Do you want to become a leader?
It won’t happen by accident. With our world changing at a seemingly more rapid rate, leaders—and aspiring ones—will need to learn to adapt to sense new expectations and opportunities.
“The leaders who are succeeding in this time are those who have been able to learn new skills and change,” stated the 2021 Global Leadership Forecast by Development Dimensions International, Inc (DDI).
This forecast and other recent studies share a key aspect in assessing what will differentiate those who will become tomorrow’s leaders: the development of new abilities that teach, draw on and reinforce certain sought-after qualities, such as critical thinking and problem solving.
In addition, the so-called “soft skills” of our social and professional lives—such as empathy and the ability to encourage others to hone their talents—play important roles in discerning who elevates to leadership roles.
To take a deeper dive into understanding these forces, we spoke with Christina Coyle-Lenz, director of Daemen College’s leadership and innovation graduate programs.
Possessing an ability to embrace the unknown and rapidly develop additional talents will be “the hallmark of great leadership in the years ahead,” the DDI forecast stated.
This means facing challenges where “there is not a playbook to sort it out,” Coyle-Lenz explained, noting that the latest in leadership scholarship—and what’s taught in programs, such as Daemen’s—aims to build a capacity for resiliency in students to meet “unscripted challenges with composure, competence, and confidence.”
Gaining these skills and experiences to overcome obstacles not only boosts confidence, but also tends to open the door for leaders to embrace thorny challenges—which can often turn into the best opportunities for growth and advancement, explained Coyle-Lenz.
What are the hallmarks of empathy in the workplace? Teamwork, clear communication, and other interpersonal skills rooted in the consideration of others.
Yet, with technology having become integrated so fully in our lives, an erosion of “soft skills” has hurt the ability of many to facilitate relationships and strong bonds.
Therein lies the opportunity: professionals from recent generations can bolster their effectiveness by seeking “more help growing their communication and interaction skills, recognizing a greater need for developing empathy,” according to the DDI forecast.
In fact, the report found that “the number-one factor that influences burnout is leaders’ ability to demonstrate empathy–connecting with their teams on a more human level.” This suggests that the absence of compassion and empathetic abilities contributes negatively to professional performance and achievement.
When people “learn about themselves, they become more aware of their relationships with others,” said Coyle-Lenz. “A heightened sense of self-awareness tends to foster empathy.”
With her experience of teaching leadership and innovation classes at Daemen, Coyle-Lenz has witnessed firsthand the benefits to students who embrace practices such as becoming better listeners, which also aids them in practicing the art of conflict resolution.
Building the talent of others—and yourself
Developing a versatile and skilled generation of leaders—and attracting and retaining this type of top talent—will remain of significant importance to companies of all stripes, according to the forecast.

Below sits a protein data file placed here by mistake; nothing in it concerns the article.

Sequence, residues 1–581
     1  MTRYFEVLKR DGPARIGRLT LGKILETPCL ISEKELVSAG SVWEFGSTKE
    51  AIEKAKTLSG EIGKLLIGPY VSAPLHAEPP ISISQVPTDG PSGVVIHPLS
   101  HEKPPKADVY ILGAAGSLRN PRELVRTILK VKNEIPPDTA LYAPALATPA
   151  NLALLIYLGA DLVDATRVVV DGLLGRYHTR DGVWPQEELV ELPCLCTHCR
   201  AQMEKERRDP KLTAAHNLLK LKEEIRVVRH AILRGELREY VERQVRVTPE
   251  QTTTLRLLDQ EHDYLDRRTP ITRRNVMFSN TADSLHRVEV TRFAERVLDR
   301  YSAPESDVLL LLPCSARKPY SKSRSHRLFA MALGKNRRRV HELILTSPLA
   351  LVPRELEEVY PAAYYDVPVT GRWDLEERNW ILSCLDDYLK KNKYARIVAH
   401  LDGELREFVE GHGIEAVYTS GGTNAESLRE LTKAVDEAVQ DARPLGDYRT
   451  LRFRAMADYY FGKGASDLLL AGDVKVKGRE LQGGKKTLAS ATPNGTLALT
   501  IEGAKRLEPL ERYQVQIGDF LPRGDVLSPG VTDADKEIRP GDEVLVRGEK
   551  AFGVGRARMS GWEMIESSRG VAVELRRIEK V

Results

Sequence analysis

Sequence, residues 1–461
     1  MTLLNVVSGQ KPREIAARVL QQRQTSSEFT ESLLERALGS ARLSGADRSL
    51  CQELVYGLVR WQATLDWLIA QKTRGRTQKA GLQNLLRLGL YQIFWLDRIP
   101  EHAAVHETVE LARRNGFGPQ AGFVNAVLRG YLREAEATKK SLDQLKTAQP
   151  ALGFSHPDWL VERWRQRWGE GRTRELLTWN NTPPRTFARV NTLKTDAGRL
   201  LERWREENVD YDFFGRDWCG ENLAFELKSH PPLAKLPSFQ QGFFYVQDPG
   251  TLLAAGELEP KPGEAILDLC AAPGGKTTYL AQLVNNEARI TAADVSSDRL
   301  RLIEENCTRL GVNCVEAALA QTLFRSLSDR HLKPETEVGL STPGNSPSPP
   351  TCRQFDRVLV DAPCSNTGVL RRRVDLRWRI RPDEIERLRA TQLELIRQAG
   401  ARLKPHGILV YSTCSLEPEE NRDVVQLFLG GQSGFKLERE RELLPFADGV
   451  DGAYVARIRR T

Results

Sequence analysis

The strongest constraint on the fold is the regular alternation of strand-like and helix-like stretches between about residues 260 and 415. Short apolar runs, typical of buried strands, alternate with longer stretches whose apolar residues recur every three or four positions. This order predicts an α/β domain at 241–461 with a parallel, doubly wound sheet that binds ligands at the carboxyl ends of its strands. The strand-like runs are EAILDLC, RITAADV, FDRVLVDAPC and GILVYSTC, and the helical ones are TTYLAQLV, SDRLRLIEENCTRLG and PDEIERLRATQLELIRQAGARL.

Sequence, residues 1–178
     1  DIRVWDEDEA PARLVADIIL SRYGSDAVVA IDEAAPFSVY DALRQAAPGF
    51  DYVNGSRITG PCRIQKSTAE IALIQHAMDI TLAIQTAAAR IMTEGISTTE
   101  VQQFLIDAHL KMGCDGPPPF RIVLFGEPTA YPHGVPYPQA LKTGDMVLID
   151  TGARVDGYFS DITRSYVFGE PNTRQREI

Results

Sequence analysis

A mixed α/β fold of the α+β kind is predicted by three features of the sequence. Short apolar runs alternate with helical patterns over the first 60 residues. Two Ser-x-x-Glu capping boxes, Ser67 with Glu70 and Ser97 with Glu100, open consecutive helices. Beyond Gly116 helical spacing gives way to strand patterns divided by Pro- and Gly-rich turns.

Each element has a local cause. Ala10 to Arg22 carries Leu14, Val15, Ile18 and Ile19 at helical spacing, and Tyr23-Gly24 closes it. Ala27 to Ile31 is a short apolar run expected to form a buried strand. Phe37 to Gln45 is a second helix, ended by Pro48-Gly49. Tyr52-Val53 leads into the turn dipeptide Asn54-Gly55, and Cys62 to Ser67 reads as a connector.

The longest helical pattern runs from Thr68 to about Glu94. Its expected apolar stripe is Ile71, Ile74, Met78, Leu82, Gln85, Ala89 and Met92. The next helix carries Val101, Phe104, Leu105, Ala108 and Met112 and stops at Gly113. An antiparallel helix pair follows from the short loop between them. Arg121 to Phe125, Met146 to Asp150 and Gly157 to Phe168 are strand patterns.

“According to HR professionals, identifying and developing future talent continues to be a top skill they look for in leaders. It’s also the single-most critical skill they’ll need in the next three years,” the forecast stated.
Investing time and energy toward thoroughly training and supporting yourself in leadership competencies—and your team members—can pay off in the long run.
By supporting employees who wish to move up in management, a company can increase its chances of having leaders that know its history, values, and goals for the future. There is strength in continuity and retention.
It’s clear: to become a successful leader, it’s of vital importance to understand the ways your contributions can make positive impacts within your organization and the larger community, explained Coyle-Lenz—and graduates of the leadership and innovation program at Daemen become immersed in ways for developing and practicing these skills, which are in ever-higher demand in today’s (and tomorrow’s) professional world.
About Daemen College:
Daemen College is a private, nonsectarian college in Amherst, N.Y., offering undergraduate and graduate level degrees. We encourage our students to be creative, innovative, ethically-minded leaders for an ever-changing, diverse, and interconnected world.
It starts right here with the intellectual strengths acquired through the liberal arts and the preparation necessary for professional excellence. Here, we create spaces for belonging and support students as they build their legacy.
Daemen encourages its students and alumni to move their dreams, vision, and values forward and to shape their community and make meaningful contributions to society. It all begins with higher education.
Christina Coyle-Lenz is the Director of Leadership and Innovation at Daemen College. In addition to her teaching at Daemen, she is the President of Prizm Solutions a consulting firm that specializes in organizational development and innovation. Her areas of focus include: Initiating and Leading Change, Creative and Critical Thinking, Teamwork, Fostering Innovation, Building and Living your Brand, and Understanding Stakeholder Needs.
Disclaimer: The above commentary entails the views of the author and not necessarily the views of the Buffalo Niagara Partnership.